This is another good illustration of infantry soldiers living in the field weeks at a time. This soldier’s unit is the 199th Infantry Brigade, the same Brigade my father served in 1966-1967. He is using C-4 to heat his c-rations. C-4 is a plastic explosive with a texture similar to modeling clay so can be molded into any desired shape. C-4 is stable, and an explosion can only be initiated by a shock wave from a detonator.
We each carried a half pound block of C-4 in our rucksacks, using it to heat our rations. The C-4 heated faster and more evenly across the cooking surface than a heating tab. This soldier isn’t using a “stove” to cook his rations. Most of our platoon members used a can opener to punch holes into the bottom edge of an empty c-ration can for ventilation as a makeshift stove. We put the C-4 into the stove, lit it, and placed the can on top. No need to hold the can by the lid. If we ran out of C-4 for cooking, we got some from the inside of a claymore mine.
This photograph shows the soldier wearing a uniform and boots that are wet and dirty. Some platoon members wore towels around their necks as protection from the rucksack straps cutting into their shoulders. His uniform does not fit well, with his sleeves too short for his arms. Photograph by combat photographer Art Jaeger
We flew by Huey helicopters from one location to another; occasionally we used Chinooks. A Combat Assault (CA) is when the platoon or company loads onto Hueys and flies to a new location expecting enemy resistance. As we approached the Landing Zone (LZ) the door gunners prepped the area with M-60 machine gun fire. When we received enemy fire it was called a “hot LZ,” and we would start jumping from the Huey before the skids touched the ground. This was dangerous because we jumped 3 to 5 feet from the ground with 60 pound rucksacks and weapons. I’m surprised we did not get injured more often. Unknown photographer.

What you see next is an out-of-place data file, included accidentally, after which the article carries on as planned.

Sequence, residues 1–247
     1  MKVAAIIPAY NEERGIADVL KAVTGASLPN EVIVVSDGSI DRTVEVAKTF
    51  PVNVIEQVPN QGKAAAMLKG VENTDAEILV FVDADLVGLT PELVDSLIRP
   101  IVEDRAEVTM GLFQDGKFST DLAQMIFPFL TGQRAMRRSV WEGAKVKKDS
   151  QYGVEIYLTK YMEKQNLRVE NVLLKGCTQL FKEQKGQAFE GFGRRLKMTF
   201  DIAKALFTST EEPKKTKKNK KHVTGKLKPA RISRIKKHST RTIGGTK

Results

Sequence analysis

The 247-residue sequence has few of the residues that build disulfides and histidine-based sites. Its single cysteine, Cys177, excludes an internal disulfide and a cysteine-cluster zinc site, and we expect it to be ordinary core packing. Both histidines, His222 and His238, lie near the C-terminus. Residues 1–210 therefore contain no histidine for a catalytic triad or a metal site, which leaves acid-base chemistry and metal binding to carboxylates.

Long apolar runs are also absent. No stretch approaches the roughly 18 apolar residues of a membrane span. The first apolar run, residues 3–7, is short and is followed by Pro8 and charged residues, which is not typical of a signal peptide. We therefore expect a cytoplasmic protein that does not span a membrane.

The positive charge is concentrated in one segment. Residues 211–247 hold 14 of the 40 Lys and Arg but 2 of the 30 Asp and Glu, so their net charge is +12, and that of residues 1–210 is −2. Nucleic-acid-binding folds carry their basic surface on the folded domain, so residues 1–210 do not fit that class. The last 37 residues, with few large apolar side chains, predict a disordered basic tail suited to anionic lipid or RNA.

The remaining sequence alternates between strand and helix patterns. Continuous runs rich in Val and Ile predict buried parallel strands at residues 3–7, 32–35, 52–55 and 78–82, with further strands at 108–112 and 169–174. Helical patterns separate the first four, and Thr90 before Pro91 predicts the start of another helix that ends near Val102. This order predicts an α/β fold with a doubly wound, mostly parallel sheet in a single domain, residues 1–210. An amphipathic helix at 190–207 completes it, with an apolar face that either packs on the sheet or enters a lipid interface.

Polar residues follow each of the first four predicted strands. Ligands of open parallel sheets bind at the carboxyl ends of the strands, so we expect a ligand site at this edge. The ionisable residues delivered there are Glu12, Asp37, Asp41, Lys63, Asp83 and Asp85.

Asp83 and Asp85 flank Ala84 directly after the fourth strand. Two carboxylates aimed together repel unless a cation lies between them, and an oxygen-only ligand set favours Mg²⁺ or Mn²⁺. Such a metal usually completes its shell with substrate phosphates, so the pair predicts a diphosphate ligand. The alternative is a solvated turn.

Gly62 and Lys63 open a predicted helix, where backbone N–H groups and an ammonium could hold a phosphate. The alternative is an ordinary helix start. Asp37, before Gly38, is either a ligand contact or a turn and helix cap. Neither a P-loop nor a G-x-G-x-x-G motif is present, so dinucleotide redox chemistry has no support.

The last photograph shows soldiers from the 199th Infantry Brigade crossing a stream. This task is common for infantry soldiers regardless of their assigned unit. The rushing water could carry a soldier downstream or he could get stuck in the mud in the bed of the creek. The leeches were another story. We would stay wet for days on end during the monsoon season. Photograph by combat photographer Art Jaeger.
When I Turned Nineteen Soldiering After the Vietnam War